Among the opera/film’s several flashbacks is Chips’s run-in with a new headmaster, Ralston, who pressures him unsuccessfully, in the brooding basso voice of Kevin Short, to retire. Condiotti shoots this, à la Orson Welles, from alternative camera angles, low or high and tilted. Short doubles in the role of the benign Sir John Rivers, head of the school’s board of governors, who appoints Chips headmaster to succeed Ralston. After a scene with Rivers, Getty, with a poet’s innovative approach to words and phrasing, gives Chips an extended aria, in which the schoolmaster reflects on how his values of caring and knowledge inform his long career. Chips is accompanied by the sound of the Young People’s Chorus of New York City. They’re supported by an orchestra artfully and empathetically conducted throughout by Nicole Paiement, the results compiled by producer Leslie Ann Jones at Skywalker Sound. Granner’s mastery of vocal dynamics is highlighted here and in a jocular but tender speech-aria delivered at an end-of-term dinner, where his appreciative fellow faculty include (spoiler alert!) the composer himself.
The pervasive affirmation of morality in Hilton’s novella is readily embraced by Getty and highlighted in a scene where the former bully headmaster and later larcenous industrialist Ralston comes to beg Chips for forgiveness and advice. On this same day, the last of his life, Chips is also visited by a brand new and nervous Brookfield student, Linford, sensitively acted by Ilan Casian-Issenberg. In a display of innovation, Getty has the singing voice of Linford supplied by Breckenridge, so that the boy’s parting words, “Goodbye, Mr. Chips,” echo Kathie’s dying words, in more ways than one.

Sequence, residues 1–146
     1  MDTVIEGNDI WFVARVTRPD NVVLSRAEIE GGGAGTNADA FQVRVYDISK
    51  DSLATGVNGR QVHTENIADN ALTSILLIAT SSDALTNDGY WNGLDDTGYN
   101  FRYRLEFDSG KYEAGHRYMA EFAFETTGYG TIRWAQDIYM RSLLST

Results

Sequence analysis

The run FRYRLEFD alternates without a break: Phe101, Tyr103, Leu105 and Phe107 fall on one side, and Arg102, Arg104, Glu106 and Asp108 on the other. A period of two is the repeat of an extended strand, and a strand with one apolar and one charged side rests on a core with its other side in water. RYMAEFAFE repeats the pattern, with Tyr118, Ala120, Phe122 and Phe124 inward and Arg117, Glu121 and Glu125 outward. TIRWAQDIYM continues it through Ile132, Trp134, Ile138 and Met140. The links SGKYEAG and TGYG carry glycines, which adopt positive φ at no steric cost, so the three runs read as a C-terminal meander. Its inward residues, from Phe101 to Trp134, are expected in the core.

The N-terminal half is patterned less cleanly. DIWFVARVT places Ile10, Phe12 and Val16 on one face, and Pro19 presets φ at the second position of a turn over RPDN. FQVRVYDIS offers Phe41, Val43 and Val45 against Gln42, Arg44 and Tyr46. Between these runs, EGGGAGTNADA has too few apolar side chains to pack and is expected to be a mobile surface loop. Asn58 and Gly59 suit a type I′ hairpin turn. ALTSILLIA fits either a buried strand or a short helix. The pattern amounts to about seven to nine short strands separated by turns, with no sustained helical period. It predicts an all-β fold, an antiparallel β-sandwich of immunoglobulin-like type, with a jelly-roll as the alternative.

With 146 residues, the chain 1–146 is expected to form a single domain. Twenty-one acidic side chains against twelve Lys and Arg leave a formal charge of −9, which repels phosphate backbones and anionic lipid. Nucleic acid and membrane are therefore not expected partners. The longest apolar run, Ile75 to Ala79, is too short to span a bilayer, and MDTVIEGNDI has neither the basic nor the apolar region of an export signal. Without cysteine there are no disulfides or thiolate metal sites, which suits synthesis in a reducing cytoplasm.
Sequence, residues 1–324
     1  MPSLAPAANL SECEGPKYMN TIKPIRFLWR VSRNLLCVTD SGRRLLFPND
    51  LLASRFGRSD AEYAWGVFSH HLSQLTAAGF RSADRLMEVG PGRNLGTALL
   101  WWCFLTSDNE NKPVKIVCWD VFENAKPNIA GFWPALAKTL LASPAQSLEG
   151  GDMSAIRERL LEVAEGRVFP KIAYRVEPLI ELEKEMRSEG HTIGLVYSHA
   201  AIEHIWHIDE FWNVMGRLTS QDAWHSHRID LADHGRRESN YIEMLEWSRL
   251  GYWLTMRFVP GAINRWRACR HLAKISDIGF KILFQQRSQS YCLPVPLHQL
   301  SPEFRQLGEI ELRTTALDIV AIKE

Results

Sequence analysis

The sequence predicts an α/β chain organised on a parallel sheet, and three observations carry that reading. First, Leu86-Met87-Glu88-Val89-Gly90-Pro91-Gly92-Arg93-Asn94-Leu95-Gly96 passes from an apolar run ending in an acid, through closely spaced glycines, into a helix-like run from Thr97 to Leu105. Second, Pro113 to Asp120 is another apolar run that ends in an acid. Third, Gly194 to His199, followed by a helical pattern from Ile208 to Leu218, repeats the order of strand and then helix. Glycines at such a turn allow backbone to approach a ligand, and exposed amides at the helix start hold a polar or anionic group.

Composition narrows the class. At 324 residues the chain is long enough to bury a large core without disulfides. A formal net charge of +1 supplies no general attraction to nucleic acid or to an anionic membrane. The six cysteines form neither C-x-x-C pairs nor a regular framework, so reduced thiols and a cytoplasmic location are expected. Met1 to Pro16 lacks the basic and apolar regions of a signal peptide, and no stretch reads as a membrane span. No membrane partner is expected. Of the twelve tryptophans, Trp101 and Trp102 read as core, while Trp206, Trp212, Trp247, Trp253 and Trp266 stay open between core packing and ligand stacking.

Chips’s place in the lives of individual students is evinced in several shorter scenes involving talented singing actors from the Oakland School for the Arts: Alex Cook, Tristan Carless, Xander Vazquez, and William Lewis, as well as Casian-Issenberg. These episodes also serve to link the scope of the story to significant historical events, such as the sinking of the Titanic and the First World War. The final scene offers an external aerial shot of the collection of buildings where internal scenes are set and a revival of significant characters, including the boys of the school, collectively projected on the school’s walls and windows. Here’s a capping confirmation that movie magic has, in several senses, elicited the timelessness in this tale, helping to extend it beyond the conventions of both book and opera. But the tale is also very well served by some of Getty’s most appealing orchestration and setting for voice to date, clearly inspired by the subject matter and its messages of good will and redemption.
The appeal of Goodbye, Mr. Chips has been further extended to a large number of viewers in the Republic of China, over what’s been described as a new communication platform for cultural programming. In a collaboration between the New York City Opera and Festival Napa Valley, originally scheduled to stage the live premiere of the opera, the film will be screened at the Walter Reade Theater at Lincoln Center on February 9, 2022. It will also be made available to film festivals, its successful production helping to encourage interest in this still fresh and fascinating medium for opera.